The "sum of angles" theorems are incredibly useful in calculus. These are formulas for the sine (or cosine) of the sum (or difference) of two angles. There are a number of derivations, of which my favorite is a proof-without-words (here).

Recently, I got interested in Ptolemy's theorem, which is illustrated in this graphic:

There are proofs based on similar triangles (a bit complicated), and one based on areas with a wonderful trick in the middle. Another terrific proof-without-words for that is here.

It turns out that there are easy proofs for the trigonometric theorems starting from Ptolemy's theorem, and I want to look at them here. The first one is for sin s+t:

The proof depends on the following details. First, the black line in the middle is a diameter of the circle, scaled to have length 1. As a result, the two triangles are right triangles, justifying the labels on the sides. Ptolemy says to multiply two pairs of opposite sides and add them.

In addition, the dotted line is the chord of the sum of the two angles, and its length is: 2R sin s+t = L. But 2R is scaled to be 1, so finally we have the formula for the sine of s+t. It basically writes itself.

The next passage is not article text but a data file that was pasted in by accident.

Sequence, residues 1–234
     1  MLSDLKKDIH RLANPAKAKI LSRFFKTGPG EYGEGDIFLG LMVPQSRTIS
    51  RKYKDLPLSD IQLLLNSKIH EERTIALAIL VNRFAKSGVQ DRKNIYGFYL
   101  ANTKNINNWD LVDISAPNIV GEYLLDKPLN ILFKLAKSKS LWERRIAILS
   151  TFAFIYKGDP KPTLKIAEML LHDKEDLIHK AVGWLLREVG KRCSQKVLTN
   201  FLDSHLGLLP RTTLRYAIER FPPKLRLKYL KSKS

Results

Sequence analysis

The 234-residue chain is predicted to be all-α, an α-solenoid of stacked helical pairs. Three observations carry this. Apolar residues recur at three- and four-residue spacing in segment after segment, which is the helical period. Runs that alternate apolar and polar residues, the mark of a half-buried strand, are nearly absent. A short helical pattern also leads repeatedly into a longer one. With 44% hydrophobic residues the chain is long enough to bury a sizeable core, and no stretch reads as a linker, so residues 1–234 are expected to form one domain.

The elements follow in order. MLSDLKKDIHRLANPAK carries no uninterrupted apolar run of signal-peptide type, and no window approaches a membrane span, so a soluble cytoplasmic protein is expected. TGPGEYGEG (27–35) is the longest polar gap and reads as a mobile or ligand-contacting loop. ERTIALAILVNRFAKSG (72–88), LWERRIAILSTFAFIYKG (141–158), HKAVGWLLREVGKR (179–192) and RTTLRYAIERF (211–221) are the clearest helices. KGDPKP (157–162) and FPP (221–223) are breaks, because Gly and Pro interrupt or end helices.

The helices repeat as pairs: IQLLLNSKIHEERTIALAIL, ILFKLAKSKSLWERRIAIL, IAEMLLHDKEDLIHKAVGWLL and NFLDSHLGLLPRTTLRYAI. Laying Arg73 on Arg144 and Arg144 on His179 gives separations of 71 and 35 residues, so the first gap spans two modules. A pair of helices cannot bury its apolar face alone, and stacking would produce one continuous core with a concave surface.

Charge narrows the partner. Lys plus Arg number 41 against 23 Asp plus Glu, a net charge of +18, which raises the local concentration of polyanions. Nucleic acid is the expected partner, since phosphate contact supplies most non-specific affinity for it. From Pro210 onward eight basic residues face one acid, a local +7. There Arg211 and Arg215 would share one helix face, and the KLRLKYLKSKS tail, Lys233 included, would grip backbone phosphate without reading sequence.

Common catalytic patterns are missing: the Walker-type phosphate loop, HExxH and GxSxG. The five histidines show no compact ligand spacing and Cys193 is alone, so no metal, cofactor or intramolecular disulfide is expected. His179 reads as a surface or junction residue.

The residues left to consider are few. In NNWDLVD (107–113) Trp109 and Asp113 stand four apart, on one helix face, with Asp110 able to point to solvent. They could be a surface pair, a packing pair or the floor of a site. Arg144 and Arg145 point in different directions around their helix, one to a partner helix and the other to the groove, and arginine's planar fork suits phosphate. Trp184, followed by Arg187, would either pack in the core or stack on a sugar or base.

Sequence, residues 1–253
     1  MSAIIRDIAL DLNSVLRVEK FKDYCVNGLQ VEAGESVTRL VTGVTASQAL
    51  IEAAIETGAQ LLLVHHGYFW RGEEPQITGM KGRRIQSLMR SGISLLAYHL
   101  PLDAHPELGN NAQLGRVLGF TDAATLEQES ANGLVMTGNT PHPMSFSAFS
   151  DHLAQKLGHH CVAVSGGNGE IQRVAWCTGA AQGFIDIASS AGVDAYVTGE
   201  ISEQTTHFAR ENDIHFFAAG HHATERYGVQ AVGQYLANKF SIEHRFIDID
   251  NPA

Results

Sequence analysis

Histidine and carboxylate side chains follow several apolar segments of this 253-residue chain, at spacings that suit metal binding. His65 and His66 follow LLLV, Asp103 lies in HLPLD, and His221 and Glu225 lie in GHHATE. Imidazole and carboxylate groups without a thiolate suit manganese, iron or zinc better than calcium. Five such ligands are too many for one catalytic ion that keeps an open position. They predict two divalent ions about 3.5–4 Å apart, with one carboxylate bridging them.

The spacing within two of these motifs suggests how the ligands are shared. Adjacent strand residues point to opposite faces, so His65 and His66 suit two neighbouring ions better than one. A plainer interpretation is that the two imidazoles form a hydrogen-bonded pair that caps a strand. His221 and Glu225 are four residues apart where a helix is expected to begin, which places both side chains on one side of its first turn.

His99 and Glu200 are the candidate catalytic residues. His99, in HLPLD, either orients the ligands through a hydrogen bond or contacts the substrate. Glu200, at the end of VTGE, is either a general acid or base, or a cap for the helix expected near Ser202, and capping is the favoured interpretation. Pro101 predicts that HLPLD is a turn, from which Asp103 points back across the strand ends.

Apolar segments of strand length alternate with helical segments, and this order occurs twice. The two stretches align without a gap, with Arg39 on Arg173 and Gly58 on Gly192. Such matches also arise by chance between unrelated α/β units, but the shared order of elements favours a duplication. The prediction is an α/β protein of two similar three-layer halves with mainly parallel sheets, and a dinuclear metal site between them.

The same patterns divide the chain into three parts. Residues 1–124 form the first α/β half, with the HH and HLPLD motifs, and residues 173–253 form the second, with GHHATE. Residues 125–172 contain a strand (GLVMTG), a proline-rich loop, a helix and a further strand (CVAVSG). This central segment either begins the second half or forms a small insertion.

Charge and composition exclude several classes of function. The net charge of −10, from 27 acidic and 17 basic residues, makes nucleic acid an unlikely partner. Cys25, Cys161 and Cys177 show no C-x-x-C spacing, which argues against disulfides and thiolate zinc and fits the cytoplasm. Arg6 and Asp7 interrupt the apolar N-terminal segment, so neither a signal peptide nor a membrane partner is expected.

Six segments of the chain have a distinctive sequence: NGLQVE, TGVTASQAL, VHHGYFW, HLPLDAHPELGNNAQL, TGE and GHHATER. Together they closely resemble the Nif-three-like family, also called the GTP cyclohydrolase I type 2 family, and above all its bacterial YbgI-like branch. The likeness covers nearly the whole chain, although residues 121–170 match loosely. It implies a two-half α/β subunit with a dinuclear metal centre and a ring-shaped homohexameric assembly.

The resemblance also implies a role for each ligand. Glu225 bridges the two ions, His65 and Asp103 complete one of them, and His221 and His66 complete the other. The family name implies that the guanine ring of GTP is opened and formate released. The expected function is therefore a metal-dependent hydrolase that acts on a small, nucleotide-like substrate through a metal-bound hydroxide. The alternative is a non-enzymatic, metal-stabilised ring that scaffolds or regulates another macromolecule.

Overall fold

The second one is for the difference. This is extra, since the easiest way to get from the sum to the difference is to use the fact that cosine is an even function and sine is odd: sin(x) = -sin(-x).

If you're trying to set this up yourself, a big clue is that since the formula has a minus sign in it (sin s cos t *minus* sin t cos s), the sin s-t term is going to be one of the sides, and naturally, it is the side opposite the diameter.

As for the cosine formulas, there is yet another trick. We will still have that the dotted line is going to be the sine of some angle θ, but it is also the cosine of the angle that is complementary to θ! And again, cosine s+t is one of the sides.

The last one isn't quite as pretty (I don't know if there are others, I came up with this one myself). The hard part is writing an expression for the angle marked with the black dot, but its complement is just s-t.

And finally, this is the idea of how to carry out the proof-without-words for Ptolemy's theorem. Cut the original figure alone one diagonal, lay the two triangles side-by-side, rescale, check all the angles, and then find the corresponding triangle to complete the parallelogram, from the original figure.

For more details, you can check out my books on geometry on github.